Which made a Radio Four programme of special interest as it covered the growing move towards legal action against companies which can be shown to be adding to the pollution of the atmosphere and contributing to climate change. There are two episodes of the programme, the second deals with the growing problem of plastic objects floating in huge islands in the worlds oceans.
Here is a link to replay the programme:


or click here. 

Below are the programme notes from the BBC web site copied today 14.10.10

"Climate change has already claimed its first victims. Displaced people from the Carteret Islands, Bangladesh, Ethiopia, Kenya and the Niger delta have already become climate refugees but from whom can they seek refuge or even compensation?
Environmental Justice Foundation is calling for legally binding agreements to protect those displaced and there are various legal cases in action that could set a precedent for compensation.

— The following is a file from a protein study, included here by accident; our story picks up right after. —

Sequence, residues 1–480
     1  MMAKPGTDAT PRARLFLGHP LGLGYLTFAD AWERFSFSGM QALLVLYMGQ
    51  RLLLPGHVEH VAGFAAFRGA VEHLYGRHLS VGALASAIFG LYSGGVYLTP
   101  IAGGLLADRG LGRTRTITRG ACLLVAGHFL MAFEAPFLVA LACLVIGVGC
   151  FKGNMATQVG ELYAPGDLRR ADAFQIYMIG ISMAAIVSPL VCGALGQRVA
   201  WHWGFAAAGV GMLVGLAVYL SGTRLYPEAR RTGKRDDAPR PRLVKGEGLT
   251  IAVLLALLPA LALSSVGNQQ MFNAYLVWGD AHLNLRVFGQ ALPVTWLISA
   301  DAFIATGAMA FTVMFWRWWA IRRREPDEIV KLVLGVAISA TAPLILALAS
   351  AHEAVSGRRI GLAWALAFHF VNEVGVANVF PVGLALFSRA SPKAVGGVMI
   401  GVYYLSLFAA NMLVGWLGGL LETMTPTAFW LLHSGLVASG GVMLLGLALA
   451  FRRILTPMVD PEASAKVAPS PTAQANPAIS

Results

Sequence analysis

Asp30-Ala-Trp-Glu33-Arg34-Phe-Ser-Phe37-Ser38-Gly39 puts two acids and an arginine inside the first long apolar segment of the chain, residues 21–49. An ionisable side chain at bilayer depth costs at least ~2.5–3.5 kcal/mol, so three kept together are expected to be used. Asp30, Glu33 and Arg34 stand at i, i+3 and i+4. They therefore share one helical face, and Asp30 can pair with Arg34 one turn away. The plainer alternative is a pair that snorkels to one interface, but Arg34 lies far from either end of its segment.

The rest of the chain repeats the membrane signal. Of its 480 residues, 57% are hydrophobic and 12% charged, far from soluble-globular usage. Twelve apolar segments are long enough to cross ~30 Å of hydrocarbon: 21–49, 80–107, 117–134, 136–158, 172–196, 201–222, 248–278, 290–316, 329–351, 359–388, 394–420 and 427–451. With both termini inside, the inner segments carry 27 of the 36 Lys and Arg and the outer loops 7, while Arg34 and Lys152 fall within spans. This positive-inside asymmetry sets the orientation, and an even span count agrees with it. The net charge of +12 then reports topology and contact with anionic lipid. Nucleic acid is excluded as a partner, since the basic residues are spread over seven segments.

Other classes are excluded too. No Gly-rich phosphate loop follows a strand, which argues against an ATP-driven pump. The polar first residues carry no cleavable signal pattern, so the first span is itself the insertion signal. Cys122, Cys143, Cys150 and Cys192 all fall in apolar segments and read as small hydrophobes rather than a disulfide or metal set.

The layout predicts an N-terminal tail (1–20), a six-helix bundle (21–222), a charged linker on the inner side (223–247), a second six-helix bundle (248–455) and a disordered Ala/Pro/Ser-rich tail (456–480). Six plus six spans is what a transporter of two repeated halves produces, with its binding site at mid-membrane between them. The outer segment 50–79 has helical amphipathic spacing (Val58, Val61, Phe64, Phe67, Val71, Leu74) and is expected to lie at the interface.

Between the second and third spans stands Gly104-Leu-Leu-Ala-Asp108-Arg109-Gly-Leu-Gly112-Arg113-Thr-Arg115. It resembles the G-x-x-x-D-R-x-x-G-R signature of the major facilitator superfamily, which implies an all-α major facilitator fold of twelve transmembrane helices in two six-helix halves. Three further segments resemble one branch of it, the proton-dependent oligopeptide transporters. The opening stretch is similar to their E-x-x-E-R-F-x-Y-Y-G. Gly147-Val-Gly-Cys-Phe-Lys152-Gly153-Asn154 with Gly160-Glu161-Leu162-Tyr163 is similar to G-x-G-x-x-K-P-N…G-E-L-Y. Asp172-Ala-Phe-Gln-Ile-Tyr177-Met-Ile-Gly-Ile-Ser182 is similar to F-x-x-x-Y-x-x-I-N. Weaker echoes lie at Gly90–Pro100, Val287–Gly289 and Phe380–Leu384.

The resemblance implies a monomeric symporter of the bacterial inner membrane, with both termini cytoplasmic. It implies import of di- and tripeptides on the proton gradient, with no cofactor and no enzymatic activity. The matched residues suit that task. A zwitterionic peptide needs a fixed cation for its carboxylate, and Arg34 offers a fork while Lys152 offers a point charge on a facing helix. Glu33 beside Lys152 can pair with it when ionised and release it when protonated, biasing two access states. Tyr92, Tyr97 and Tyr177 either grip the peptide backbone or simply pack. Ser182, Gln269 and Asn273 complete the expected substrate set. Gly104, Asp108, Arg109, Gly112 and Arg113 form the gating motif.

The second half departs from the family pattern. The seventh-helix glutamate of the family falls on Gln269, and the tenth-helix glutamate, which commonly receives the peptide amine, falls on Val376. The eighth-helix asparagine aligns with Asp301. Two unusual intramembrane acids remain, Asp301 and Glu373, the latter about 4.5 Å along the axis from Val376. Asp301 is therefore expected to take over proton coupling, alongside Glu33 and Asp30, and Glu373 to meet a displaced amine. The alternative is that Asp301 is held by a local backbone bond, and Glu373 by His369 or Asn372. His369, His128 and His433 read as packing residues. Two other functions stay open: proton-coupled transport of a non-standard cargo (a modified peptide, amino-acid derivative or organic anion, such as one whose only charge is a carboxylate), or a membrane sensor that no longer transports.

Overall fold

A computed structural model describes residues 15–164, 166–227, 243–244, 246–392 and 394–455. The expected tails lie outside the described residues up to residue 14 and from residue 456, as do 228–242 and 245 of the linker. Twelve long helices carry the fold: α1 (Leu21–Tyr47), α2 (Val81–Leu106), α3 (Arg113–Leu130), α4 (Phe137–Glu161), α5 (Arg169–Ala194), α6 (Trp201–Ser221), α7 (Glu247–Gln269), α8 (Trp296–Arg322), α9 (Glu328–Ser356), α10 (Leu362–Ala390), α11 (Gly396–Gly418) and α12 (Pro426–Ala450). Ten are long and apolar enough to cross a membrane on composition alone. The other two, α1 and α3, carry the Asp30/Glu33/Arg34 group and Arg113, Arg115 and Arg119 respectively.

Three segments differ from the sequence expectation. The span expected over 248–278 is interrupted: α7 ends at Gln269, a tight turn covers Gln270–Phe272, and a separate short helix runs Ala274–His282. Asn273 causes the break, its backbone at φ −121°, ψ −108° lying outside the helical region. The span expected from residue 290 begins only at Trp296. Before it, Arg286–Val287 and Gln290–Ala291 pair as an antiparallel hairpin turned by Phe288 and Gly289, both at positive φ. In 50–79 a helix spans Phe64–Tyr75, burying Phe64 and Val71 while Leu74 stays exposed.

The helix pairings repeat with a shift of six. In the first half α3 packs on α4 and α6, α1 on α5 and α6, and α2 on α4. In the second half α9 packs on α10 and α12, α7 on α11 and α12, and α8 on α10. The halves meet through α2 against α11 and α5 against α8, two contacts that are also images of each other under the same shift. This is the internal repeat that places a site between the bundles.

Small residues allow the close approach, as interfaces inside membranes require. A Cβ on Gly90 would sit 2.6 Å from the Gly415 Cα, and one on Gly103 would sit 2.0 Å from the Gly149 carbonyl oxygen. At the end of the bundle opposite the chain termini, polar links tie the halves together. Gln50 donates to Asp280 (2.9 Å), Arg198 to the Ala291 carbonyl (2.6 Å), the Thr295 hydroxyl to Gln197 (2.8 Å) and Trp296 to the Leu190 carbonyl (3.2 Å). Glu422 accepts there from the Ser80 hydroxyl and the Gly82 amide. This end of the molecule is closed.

400 Alaskan residents are suing energy companies for creating a public nuisance and for conspiracy (in funding research to 'prove' there is no link between climate change and human activity). Tuvalu, the low lying nation in the pacific, has threatened to sue Australia and the United States for their contributions to climate change and in the latest and most high profile case Katrina victims are taking the big oil companies BP, Shell, Chevron Exxonmobile, to court.
So far displaced people have not been defined as refugees so they have no legal rights but countries could be expected to take a number of migrants equivalent to their contribution or compensate victims for their loss.
Myles Allan of Oxford University has set up models to predict how much climate change attributable to man has caused extreme weather conditions like the flooding here in the UK in 2000. Sophisticated modelling could make it easier to attribute blame and a recent ruling in the European Court means that victims of environmental crime should find it a lot easier to take their cases to court. Big insurance companies are already warning their clients to expect compensation suits but there is still some way to go before precedent has been set in the case of climate change and nobody knows what will happen once these floodgates have opened.